By early in the evening, all major news organizations had announced that Obama had clinched the Democratic nomination, and Obama claimed the status of presumptive nominee.
Sen. Hillary Clinton (NY), his main competitor, refused to concede the nomination, saying she would be “making no decisions tonight.”
Four days later, she announced she was suspending her campaign and was endorsing Obama.
Popular Vote Factoid: If you look at the vote totals in the photo above, you will note Obama didn’t win the overall popular vote in the primary campaign, losing to Clinton by almost 275,000 votes.
Despite Clinton winning in big states with larger populations like California, New York, Texas, etc., Obama was still able to win because the delegate system awarded delegates based not only on overall wins in more states, but also based on voting percentages in states.
Winning big states might give someone more delegates at once, but winning more, less-populated states can easily eat into and overcome those gains, which is exactly how Obama was able to win the 2008 primary.
2009 – Actor David Carradine was found hanging by a nylon rope in a hotel room closet in Bangkok, Thailand.
Although immediate speculation was Carradine’s death was a suicide, two autopsies concluded that the death was the result of autoerotic asphyxiation, and the cause of death became widely accepted as “accidental asphyxiation.”
He appeared in more than 100 films, but was best known early in his career for his role as Kwai Chang Caine in the TV series Kung Fu.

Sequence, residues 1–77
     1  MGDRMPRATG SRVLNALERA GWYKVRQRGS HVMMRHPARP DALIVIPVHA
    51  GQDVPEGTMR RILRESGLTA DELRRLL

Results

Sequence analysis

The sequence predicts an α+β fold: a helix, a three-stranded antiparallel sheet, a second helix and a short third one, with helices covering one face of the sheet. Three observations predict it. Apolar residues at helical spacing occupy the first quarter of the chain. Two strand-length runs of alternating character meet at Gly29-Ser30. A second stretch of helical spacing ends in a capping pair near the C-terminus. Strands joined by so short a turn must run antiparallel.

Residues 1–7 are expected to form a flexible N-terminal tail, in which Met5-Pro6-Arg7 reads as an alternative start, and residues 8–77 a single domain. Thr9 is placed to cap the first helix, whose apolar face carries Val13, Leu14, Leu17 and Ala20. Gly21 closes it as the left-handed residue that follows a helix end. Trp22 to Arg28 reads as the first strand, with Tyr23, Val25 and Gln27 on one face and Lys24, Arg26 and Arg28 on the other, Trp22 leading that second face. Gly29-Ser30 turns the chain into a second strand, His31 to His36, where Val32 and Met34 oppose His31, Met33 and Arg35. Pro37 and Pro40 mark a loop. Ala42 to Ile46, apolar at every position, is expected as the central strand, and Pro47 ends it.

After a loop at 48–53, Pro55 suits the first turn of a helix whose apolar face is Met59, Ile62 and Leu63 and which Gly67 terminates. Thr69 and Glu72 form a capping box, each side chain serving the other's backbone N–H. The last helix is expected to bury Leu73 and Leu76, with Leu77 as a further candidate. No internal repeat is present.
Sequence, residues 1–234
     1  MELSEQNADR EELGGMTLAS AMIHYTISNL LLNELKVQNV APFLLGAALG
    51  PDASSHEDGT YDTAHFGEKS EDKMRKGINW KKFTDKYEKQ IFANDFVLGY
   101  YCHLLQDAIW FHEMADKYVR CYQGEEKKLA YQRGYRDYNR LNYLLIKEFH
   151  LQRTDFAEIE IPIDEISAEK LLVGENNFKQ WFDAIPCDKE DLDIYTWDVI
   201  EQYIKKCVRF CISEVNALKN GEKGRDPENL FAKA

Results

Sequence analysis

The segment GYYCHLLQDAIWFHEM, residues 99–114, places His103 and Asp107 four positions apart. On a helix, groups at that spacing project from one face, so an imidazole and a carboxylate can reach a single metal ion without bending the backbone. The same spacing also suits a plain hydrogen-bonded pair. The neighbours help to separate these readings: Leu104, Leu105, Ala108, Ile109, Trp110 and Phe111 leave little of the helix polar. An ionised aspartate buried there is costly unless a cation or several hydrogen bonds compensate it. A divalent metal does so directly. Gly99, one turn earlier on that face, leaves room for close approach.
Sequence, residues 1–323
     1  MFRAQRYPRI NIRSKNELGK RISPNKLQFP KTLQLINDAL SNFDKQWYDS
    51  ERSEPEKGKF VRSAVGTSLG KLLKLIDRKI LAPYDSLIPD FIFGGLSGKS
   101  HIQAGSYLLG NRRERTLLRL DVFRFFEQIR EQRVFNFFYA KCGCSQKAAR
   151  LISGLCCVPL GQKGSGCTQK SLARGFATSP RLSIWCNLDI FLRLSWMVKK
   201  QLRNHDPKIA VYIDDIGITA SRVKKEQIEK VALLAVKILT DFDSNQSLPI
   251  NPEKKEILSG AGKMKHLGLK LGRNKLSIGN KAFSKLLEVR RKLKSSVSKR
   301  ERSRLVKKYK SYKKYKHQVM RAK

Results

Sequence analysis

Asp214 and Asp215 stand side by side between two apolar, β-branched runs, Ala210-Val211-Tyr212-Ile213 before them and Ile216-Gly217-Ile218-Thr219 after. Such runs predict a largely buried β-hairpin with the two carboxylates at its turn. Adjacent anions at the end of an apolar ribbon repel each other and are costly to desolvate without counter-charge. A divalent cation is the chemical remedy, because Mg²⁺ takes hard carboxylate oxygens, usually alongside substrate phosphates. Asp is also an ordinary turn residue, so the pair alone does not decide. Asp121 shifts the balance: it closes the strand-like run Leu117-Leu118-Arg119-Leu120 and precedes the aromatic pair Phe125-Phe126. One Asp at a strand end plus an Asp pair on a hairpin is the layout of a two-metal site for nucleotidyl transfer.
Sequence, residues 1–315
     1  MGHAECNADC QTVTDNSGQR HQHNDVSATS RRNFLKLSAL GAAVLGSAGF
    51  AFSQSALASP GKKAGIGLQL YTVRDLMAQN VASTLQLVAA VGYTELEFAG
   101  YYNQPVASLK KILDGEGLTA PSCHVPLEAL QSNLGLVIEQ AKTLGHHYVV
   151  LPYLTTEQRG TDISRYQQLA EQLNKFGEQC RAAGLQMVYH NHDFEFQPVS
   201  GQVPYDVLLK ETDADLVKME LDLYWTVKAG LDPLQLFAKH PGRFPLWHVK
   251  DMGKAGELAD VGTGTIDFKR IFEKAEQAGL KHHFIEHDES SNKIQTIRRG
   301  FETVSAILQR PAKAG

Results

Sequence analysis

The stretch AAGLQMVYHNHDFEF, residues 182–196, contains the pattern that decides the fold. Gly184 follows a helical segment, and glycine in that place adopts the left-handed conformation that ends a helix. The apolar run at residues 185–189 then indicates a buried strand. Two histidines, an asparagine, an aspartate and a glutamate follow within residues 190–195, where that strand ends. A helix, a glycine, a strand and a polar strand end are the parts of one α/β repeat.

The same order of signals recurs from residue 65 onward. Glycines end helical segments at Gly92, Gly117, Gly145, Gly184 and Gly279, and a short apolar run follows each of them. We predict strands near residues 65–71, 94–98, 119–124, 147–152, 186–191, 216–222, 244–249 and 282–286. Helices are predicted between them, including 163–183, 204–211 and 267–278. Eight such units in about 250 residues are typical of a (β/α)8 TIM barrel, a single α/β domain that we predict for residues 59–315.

2011 – Musician Andrew Gold died of heart failure at the age of 59.
His hit songs included the #7 single Lonely Boy in 1977 and Thank You For Being A Friend, a #25 hit in 1978.
Gold Factoid: As a member of Linda Ronstadt’s band from 1973 until 1977, he played a major role as multi-instrumentalist and arranger for her breakthrough 1974 album, Heart Like A Wheel and her next four albums.
He played the majority of instruments on You’re No Good, Ronstadt’s only #1 single on the Billboard Hot 100, and the same on When Will I Be Loved, Heat Wave and many other classic hits.
2011 – Dr. Jack Kevorkian died of a pulmonary thrombosis at the age of 83.
A medical pathologist, Kevorkian willfully helped terminally ill people end their lives, becoming the central figure in a national drama surrounding assisted suicide.
In arguing for the right of the terminally ill to choose how they die, Dr. Kevorkian challenged social taboos about disease and dying while defying prosecutors and the courts.
He spent eight years in prison after being convicted of second-degree murder in the death of the last of about 130 ailing patients whose lives he had helped end, beginning in 1990.
2011 – Actor James Arness died of natural causes at the age of 88. He was best known for portraying Marshal Matt Dillon for 20 years in the television series Gunsmoke.
As a rifleman, he landed on Anzio Beachhead on January 22, 1944, with the 7th Infantry Regiment of the 3rd Infantry Division. Arness was severely wounded in his right leg during the battle. His wounds would bother him for the rest of his life.
In later years he had to cope with chronic leg pain that often became acute, particularly when he mounted horses during his performance on Gunsmoke.
2016 – Muhammad Ali, former heavyweight champion and one of the most significant and celebrated sports figures of the 20th century, died from septic shock after a 32-year battle with Parkinson’s disease.
Nicknamed “the Greatest” and ranked as the greatest athlete of the 20th century by Sports Illustrated, Ali was involved in several historic boxing matches. Notable among these were his two fights with Sonny Liston, the trilogy of bouts with Joe Frazier, and “The Rumble in the Jungle” against George Foreman.
Compiled by Ray Lemire ©2019 RayLemire.com. / Streamingoldies.com. All Rights Reserved.